Fall is one of my favorite times of year. The temperatures are crisp, there’s the smell of cinnamon and burning fireplaces in the air, and the deciduous trees are turning beautiful shades of red, orange, purple, and yellow.
Those amazing colors are why I love taking fall foliage drives.
Fall color drives are especially fun for me, as I’m a Florida boy. While we actually do have some fall foliage in Florida (yes, many of our deciduous trees really do change color – just later in the autumn than in most of the country), I have to take a trip at least a few hundred miles north to see brilliant autumn foliage. I even check the fall foliage report to see just where the best autumn colors should be each year and when the leaves are expected to change.
So, where are the best places to go for fall foliage drives? Here are 5 amazing autumn driving ideas, in no particular order.
Michigan, Especially the Upper Peninsula
For some terrific places to go see fall colors, check out these Michigan fall color tours along the Upper Peninsula.
Drive there, and you will surely enjoy a brilliant show, especially in the first week or so of October. With the many lakes, ponds, and miles of coastline along Lake Huron, Lake Michigan, and Lake Superior, there are countless opportunities to enjoy some stunning vistas that include majestic stands of colorful trees and serene water.
Approaching from the south, you can take the beautiful Mackinac Bridge (Interstate 75) to the Upper Peninsula and keep heading north along the interstate, or veer west along Lake Michigan Scenic Highway (U.S. Route 2). Or, follow your nose and see where it takes you!
The Pacific Northwest offers abundant opportunities to enjoy autumn in all of its brilliant radiance, with the highways and byways of Oregon perfect for fall foliage drives through and around the Cascades and Coast mountains.
Keep your eye on these Oregon fall foliage updates for the latest color changes.
Interstate 5 is the main north-south highway through Oregon, tracing fairly close along the coastal regions, while Interstate 84 traverses east and west primarily along the northern part of the Beaver State.
A fall foliage drive in Oregon should definitely include McKenzie Pass – Santiam Pass National Scenic Byway (Oregon State Highway 242). The best time to enjoy fall colors in Oregon is mid to late October.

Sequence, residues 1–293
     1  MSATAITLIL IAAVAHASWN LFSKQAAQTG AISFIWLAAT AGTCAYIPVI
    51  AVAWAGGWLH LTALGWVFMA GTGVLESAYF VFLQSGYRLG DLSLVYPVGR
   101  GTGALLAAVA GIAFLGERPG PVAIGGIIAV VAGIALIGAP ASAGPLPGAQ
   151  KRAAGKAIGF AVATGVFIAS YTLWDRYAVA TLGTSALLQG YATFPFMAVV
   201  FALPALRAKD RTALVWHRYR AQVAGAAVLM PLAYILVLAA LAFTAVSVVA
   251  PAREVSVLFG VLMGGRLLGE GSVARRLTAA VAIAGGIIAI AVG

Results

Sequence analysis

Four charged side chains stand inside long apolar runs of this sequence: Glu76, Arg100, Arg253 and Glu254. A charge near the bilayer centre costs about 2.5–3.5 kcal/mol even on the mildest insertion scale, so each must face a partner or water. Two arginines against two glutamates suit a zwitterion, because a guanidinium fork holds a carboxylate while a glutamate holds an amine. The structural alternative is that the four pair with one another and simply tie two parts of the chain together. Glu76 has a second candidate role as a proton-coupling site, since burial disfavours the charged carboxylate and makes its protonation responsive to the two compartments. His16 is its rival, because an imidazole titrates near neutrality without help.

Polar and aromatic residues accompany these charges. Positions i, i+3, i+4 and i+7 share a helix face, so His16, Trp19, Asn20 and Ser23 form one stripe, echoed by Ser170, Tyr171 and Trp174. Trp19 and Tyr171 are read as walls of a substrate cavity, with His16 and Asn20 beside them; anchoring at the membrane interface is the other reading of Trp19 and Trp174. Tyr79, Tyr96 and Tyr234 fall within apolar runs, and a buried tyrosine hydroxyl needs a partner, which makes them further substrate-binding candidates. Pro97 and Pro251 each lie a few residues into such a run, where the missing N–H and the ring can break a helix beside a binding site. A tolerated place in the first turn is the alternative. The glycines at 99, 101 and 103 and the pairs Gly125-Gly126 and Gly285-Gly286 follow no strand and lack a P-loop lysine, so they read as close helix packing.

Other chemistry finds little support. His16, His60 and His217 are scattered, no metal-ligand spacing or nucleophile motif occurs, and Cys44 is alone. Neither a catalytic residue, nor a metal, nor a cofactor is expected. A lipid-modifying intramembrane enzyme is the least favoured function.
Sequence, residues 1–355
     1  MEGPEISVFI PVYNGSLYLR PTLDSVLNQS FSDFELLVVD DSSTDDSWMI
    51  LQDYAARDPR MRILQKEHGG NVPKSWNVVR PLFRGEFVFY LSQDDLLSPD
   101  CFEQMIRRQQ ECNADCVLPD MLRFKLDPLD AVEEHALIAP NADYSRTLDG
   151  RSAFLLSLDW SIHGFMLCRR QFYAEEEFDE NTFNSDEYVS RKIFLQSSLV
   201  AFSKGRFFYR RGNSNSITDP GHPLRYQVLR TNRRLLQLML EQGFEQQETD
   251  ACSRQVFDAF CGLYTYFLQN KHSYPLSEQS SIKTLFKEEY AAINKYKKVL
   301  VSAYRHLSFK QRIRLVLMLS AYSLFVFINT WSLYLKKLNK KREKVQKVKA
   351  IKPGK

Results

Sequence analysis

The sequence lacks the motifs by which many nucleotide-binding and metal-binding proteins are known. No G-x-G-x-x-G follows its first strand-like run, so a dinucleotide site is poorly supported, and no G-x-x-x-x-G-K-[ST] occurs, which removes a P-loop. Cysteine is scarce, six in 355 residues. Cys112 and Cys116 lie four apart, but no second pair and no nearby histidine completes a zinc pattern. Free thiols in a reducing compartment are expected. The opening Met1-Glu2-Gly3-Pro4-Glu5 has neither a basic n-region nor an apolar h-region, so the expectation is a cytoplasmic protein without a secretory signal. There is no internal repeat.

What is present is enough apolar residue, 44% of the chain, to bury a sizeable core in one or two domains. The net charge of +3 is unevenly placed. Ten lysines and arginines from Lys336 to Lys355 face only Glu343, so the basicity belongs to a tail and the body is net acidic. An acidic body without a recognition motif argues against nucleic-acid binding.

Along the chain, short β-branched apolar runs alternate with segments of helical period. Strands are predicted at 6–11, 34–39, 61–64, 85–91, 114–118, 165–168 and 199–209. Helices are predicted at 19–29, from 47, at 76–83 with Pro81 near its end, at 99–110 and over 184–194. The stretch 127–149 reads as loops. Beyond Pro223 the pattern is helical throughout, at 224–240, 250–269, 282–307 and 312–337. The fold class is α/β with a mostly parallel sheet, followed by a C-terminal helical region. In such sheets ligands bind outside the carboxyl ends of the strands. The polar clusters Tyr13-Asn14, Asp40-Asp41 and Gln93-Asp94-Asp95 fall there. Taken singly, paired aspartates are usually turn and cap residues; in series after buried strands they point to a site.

Arizona is a dynamic state with a wide array of climate zones, and conditions particularly in the northern part of the Grand Canyon State allow for a beautiful array of fall foliage colors from mid September through mid November.
Drives along U.S. Highway 89 will take you through an elevation change of more than 4,000 feet in the relatively short distance of 80 miles and plunge you into a mountainous kaleidoscope of fall color that covers the entire autumnal spectrum.
Blue Ridge Parkway, North Carolina and Virginia
There is perhaps no more famous a place for fall foliage drives than the Blue Ridge Parkway, which extends 469 miles from the Great Smoky Mountains National Park in North Carolina to Shenandoah National Park in Virginia and takes motorists by and through a multitude of other national parks and historic sites.
The Blue Ridge Parkway, which was first constructed in 1935 and wasn’t fully completed until 1987, takes roughly 4 days to be enjoyed at a leisurely pace along its entire stretch, and is a fall leaf peeper’s paradise (usually) during mid through late October.
The parkway meanders both east-west and north-south, has east and west slope exposure, and ranges in elevation from around 650 feet near the James River in Virginia to more than 6,000 feet just south of Mount Pisgah in North Carolina.
New England States, Especially Vermont
Let’s face it, there isn’t any one state in New England that doesn’t offer a terrific fall color drive in late September through mid October.
So, why Vermont?
The Green Mountain State has the highest percentage of maples in New England, a tree that turns vibrant shades of yellows and oranges and provides a splashy backdrop against the deeper reds and purples. This might be, in part, why Vermont is so iconically linked to fall color displays and is a tremendously popular fall color tour destination.
Vermont Route 100 is perhaps one of the most famous fall foliage drives in all of New England, running around 216 miles long, from the state’s southern border with Massachusetts in Stamford north to Vermont Route 105 in Newport.
Here are tips for finding the best Vermont fall colors.